Ozone C4 (2012) Hot
The latest generation of C4 brings a fresh new look along with refinements to each size. We have had amazing feedback from riders all around the world, so what we wanted to offer was a similar kite yet refined for improved freestyle & wakestyle performance. We have fine tuned each size individually offering riders similar performance and feel they have come to know of the past C4 generations. The aspect ratio has been modified throughout the sizes to give the kites a better low end and more solid power during pop and release. We have brought the feel of the entire size range closer together, slightly slowing down the smaller sizes and speeding up the larger sizes for better freestyle riding. The new C4 continues with our Variable Bridle Geometry system, offering two “feel” settings. The system is simple, takes about 20 seconds to change and doesn’t involve adding or taking away any lines. The rider shifts the middle bridle lines up or down on pigtails to change the feel of the kite.
Average user rating from: 1 user(s)
9m & 12m
I've waited a while to review these kites as the start to our season was pretty ordinary, but I've had quite a few excellent sessions on them now and am ready to say a few words.
Firstly, I came straight off 2011 9m and 12m so I have a direct comparison. For those already familiar with C4s this is a significantly refined evolution of the 2011 kites. Compared to the 2011:
More bottom end. More parked power and a major increase in the kites' ability to pull forwards even when sheeted in and sining. It's like the foil shapes have some Edge influence as they really pull, even on the upstroke (good for catching you from mega-giga-hyperloops too, I'd imagine).
Better upwind. Related to the capacity to pull forward under load mentioned above, again the 2012s feel just a bit more "Edgey," like they can create a good lift/drag ratio through a large range of sheeting angle.
Similar top end. The stability is similar to last year's - amazing. By using the freeride setting (knot closest to the leading edge on the centre bridle attachment) you can get a bit more depower too which is useful in very gusty conditions.
Wider unhooking range. I'm a hack at unhooking but even so I'm comfortable to unhook over a big windrange on the 2012s, and only pull in trim at the very top of the range. The power is so steady and reliable that my confidence, if not yet my skills, has taken off. Maybe I'll try an s-bend later this season.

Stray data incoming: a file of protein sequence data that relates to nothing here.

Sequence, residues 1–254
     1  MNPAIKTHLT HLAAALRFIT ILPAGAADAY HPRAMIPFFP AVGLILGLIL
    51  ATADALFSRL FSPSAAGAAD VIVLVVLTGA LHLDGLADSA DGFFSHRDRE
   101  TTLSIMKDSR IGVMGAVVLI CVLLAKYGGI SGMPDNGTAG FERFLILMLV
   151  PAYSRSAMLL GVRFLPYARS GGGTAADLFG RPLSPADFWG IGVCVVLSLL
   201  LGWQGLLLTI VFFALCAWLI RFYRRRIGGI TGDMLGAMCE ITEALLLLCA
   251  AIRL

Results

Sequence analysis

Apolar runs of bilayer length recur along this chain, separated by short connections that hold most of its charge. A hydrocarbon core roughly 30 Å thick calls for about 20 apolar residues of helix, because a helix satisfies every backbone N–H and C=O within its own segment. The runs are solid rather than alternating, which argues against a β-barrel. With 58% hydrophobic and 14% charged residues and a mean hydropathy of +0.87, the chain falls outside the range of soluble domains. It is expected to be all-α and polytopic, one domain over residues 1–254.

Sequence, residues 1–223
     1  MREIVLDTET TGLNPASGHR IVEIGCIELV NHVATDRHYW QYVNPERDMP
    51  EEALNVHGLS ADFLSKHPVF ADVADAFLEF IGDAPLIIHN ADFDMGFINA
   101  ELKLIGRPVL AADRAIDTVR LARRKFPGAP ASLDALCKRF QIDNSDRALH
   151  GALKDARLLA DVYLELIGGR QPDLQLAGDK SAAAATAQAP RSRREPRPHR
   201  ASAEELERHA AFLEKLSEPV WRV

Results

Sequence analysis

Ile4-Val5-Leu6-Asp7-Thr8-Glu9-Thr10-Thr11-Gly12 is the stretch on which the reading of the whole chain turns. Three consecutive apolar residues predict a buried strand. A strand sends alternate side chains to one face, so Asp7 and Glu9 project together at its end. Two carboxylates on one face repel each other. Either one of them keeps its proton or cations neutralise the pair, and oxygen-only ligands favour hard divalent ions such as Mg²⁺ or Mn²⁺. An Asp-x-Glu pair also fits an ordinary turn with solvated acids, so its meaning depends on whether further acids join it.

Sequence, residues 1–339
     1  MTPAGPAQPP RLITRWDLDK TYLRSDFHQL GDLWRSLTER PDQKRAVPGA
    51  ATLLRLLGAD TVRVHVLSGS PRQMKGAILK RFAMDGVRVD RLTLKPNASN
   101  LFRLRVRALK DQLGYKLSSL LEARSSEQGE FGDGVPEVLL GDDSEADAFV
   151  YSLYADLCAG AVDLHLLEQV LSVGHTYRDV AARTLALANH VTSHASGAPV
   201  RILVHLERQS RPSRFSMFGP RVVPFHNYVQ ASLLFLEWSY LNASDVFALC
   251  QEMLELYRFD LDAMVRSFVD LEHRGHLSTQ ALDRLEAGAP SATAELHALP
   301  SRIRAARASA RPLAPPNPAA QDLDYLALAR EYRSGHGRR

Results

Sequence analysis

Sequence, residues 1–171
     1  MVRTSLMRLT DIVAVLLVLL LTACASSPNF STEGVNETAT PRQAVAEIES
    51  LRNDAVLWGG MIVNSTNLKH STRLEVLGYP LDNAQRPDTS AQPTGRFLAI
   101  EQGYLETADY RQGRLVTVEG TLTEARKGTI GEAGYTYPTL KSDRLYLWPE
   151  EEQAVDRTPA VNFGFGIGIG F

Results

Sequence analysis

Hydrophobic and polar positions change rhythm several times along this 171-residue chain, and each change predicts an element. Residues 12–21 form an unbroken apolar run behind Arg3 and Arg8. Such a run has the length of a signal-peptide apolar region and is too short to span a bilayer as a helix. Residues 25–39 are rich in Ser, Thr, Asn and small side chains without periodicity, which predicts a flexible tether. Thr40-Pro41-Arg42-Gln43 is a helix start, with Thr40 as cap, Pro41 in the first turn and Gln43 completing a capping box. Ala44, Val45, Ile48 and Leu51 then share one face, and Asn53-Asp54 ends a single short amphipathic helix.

New colour options. Everyone comments favourably on the red/gold/black colours - bold, and a bit less sedate than the past two years' options.
Boosting. Perhaps I'm getting more used to the C4s in general but I'm definitely boosting bigger this season.
Trim. On the 9m I've gone to the shortest knot on the rear lines whereas the 12m and last years kites I ran on the middle knot. Don't be afraid to shorten your rear lines a bit if you're not getting enough low end. The kites are very resistant to stalling and getting the trim right will reward you with maximum range.
For those who've not ridden any of the C4s: There are far better riders than me to review these from an advanced perspective, so I'll stick to what's relevant for beginners to intermediates.
Firstly, you could learn on this kite. It wouldn't be ideal, but there are enough depower and relaunch capabilities that a beginner could handle it, and probably develop better flying skills as a result.
If you're beyond beginner, and bored with your bow/delta kites, this is the go-to kite. It's sedate if you just want to cruise, but the more and the better input you provide through trim, edging, and timing, the bigger the rewards in terms of being able to position the kite exactly where you want for the type of pull you want.
Edging and popping against this kite is delightful. Even for basic hooked-in rotations it gives great feedback on takeoff and throughout the jump. It's easy to feel and correct it if the kite is turning higher or lower than you'd like.
I don't do full-on kiteloops but I do downloop air transitions and regularly loop the kite when fun/useful during regular riding, landings and transitions. The loops are as wide or as tight as you like, and the pull is predictable and consistent through the turn. Even the 12 gets around very fast if you pull the bar right in, whilst offering a slower sweeping turn if you sheet out a few inches.
Boosting does require more skill than on a lower aspect bow/delta, however once you get the timing right it will rip you up high, and if you stay sheeted in and fly the kite actively it will let you down as gently as you'd like.
I prefer the wakestyle/newschool setting as the bar pressure is more constant through the throw range and the pull is more consistent. However, if you're used to having more depower at the bar then the freeride setting (knot closest the leading edge) will be more familiar, and also probably a better setting if you're using the kite in the waves hooked-in on a surfboard.
I like the lightest bar pressure setting on the 12 and the medium on the 9.
There is a good overlap in range from the 9 to the 12, and a 4 metre gap may be possible, though not ideal.
The bar is still the Ozone Contact bar and I love its simplicity and functionality. The lines are superb quality with 500kg on the front and 300kg on the rear so they'll last forever.
Construction is the usual Ozone impeccable standard: the elegance and attention to detail that you'd expect from a paraglider company.
In summary, if you want a versatile kite that will help you become a better rider and flyer, and that specialises in unhooking and looping then get on a C4. The simplicity of the very short and pulley-free bridle gives performance, range and relaunch to suit anyone from competent beginner to pro. The only reason I give 9.5s rather than 10s is to allow room for the inevitable improvements that Ozone will undoubtedly devise for the next model!